again. The form is unimportant, it's about the desire.
5. More music by their favorite artists
Shorten the time between releases, deliver more material. Fans want outtakes,
rehearsal tapes, live tapes...almost anything and everything. Sure, this is
different from what the casual fan or the uninitiated person wants, but these
are two different markets, and you make the lion's share of your money from your
hard core fans.
Don't think about how you can placate radio, think about how you can placate
This is as simple as a live album of the studio album a month after the original
drop date. YouTube broadcasts of live shows. Downloadable content from your
Website. You can never have too much for a fan. And don't forget, fans are
your number one evangelists, they're the ones who spread the word.
6. More information
Where you are, who you're recording with, the process.
I've said it before and I'll say it again, no one does this better than John
Mayer. And in the process he sacrifices not a whit of credibility or charisma.
Somehow, the public feels as if it's in his back pocket and knows him, even
though they realize the odds of in-person contact are slim to none.
7. Fewer commercials
Whether it be radio, television or a streaming music service, the public is fed
up with commercials. And unlike forty years ago, people have options. Extended
runs of commercials are abuse, never forget this.
8. A final concert ticket price
People hate being pecked to death by ducks, which is the equivalent of buying
concert tickets today. It's not so much about the cost, as the feeling of being
screwed by hidden charges that make no sense. Print at home fee?
Come on. That's inane. I'm using my own paper and ink.
We know it's all about profits. But why can't it be buried in a final price?
9. A belief that the acts are in it for the music, not the money
It's hard to sell an art form if people think it's just a means to an end, a
good lifestyle. People won't respect it. People don't respect towels, they
don't respect toilet paper. Sure, they're necessary products, the companies
that purvey them make a profit, but it's not art.
Art generates profits in a wholly different way than traditional industries.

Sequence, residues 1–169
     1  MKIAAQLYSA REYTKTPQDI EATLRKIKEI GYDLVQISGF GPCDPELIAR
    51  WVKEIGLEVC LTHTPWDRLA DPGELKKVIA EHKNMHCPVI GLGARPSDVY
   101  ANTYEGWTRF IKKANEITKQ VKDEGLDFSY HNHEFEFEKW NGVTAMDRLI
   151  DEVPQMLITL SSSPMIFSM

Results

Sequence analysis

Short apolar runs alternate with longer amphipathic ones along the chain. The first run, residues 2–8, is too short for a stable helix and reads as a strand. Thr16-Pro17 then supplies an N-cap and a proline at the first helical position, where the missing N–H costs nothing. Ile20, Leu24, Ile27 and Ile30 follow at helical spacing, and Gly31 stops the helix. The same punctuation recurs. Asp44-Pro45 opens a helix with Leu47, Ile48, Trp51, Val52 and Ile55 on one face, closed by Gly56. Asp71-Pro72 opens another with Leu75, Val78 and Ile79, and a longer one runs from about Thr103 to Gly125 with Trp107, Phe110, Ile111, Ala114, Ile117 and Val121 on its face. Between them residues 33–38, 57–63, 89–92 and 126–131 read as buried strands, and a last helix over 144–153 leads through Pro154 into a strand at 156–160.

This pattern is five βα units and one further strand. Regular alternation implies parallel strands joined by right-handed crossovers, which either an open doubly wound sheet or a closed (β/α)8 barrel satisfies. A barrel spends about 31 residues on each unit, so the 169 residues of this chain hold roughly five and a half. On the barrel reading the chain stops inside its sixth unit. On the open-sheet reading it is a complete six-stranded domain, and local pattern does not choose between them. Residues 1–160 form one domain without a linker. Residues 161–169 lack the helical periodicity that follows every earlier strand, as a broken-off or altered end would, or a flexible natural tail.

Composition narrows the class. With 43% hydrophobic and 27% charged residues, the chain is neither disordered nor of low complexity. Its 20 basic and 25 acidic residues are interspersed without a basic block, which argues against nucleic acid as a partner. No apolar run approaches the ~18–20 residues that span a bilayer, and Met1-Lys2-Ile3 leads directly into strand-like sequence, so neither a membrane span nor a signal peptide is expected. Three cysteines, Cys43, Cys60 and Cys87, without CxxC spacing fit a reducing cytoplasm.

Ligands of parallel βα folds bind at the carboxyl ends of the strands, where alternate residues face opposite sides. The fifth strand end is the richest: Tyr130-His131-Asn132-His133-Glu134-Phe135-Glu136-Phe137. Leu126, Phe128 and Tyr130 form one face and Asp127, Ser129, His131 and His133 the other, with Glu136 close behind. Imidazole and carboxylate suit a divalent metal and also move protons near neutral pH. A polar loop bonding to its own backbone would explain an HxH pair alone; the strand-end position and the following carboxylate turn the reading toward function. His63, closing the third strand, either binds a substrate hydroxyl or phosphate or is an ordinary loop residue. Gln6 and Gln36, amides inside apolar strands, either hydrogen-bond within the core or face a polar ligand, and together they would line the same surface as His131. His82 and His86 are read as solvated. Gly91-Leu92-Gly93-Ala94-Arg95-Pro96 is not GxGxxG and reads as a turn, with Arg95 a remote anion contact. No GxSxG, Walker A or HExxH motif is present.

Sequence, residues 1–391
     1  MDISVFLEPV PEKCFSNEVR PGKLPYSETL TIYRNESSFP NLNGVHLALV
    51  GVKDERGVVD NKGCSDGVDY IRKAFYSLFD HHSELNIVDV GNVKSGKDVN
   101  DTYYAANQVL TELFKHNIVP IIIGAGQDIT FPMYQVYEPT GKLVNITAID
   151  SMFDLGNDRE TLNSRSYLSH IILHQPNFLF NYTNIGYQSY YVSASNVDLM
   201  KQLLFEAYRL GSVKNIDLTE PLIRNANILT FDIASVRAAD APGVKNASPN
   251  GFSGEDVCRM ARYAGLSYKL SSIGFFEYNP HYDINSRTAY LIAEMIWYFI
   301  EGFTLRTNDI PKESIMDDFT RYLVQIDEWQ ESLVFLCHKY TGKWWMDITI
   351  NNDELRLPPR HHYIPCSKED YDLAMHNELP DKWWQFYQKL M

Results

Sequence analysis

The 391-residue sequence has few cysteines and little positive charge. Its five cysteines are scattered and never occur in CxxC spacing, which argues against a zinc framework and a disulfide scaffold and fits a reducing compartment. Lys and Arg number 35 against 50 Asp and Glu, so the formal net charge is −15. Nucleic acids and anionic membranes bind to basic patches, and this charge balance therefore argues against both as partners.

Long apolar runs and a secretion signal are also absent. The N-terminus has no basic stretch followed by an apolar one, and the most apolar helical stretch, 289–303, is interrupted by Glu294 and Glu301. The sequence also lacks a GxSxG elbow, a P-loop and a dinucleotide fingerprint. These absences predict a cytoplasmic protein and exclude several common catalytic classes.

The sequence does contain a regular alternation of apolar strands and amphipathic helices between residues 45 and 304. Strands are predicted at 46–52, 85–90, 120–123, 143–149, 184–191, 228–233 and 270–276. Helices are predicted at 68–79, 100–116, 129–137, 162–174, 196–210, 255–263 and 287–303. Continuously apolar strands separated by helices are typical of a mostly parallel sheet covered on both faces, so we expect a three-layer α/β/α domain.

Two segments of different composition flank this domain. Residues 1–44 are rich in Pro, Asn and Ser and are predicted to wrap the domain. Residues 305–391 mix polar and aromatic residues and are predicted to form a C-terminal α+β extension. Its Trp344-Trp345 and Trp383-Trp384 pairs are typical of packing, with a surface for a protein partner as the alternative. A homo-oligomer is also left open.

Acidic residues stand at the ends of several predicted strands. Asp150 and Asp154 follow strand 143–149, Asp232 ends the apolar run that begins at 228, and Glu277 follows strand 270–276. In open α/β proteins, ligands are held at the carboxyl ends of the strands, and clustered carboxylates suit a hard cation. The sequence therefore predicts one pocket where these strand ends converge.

Look at fine art. The canvas may have been produced for essentially nothing,
the cost of materials. But only a few years later, it can sell for millions.
Stop calculating how to get to millions of revenue in a spreadsheet by
maximizing this and that. Just create something rawly desirable, then the
revenue will come. A great hit is more powerful than any marketing campaign.
People don't need music, but they want it. When it's great. When it speaks to
them. When it's seen as integral to their lives.
In today's connected world, the customer sees himself as equal to the purveyor.
Think of the wrath inflicted upon Wall Street. That's how much people hate the
music industry, and that's a problem. Yup, fat cats who screwed us for far too
long who want to continue to screw us! You've overpaid for one good track on an
overpriced CD, you've overpaid for a shitty seat, but you'd better not steal our
product, we're entitled to our income! Huh? Don't make excuses, try and
rationalize your behavior, just look how stupid it appears to your customer,
without whom you've got nothing.
Record labels want to sell physical recorded product. Or individual tracks. Or
Concert promoters want to sell food and drink.
None of these speak to the underlying needs and desires of the consumer.
The consumer wants music. It doesn't matter what form it's rendered in, as long
as the end result pours into one's ears. People are not locked into vinyl or
CDs, tracks or albums, they just want the listening experience.
As do they want the experience of hearing live music. Sure, they'll buy food
and drink if they're at the show, but those are incidental. How can you make
the show so desirable that people will willingly come and not care about parting
with their dollars for extras?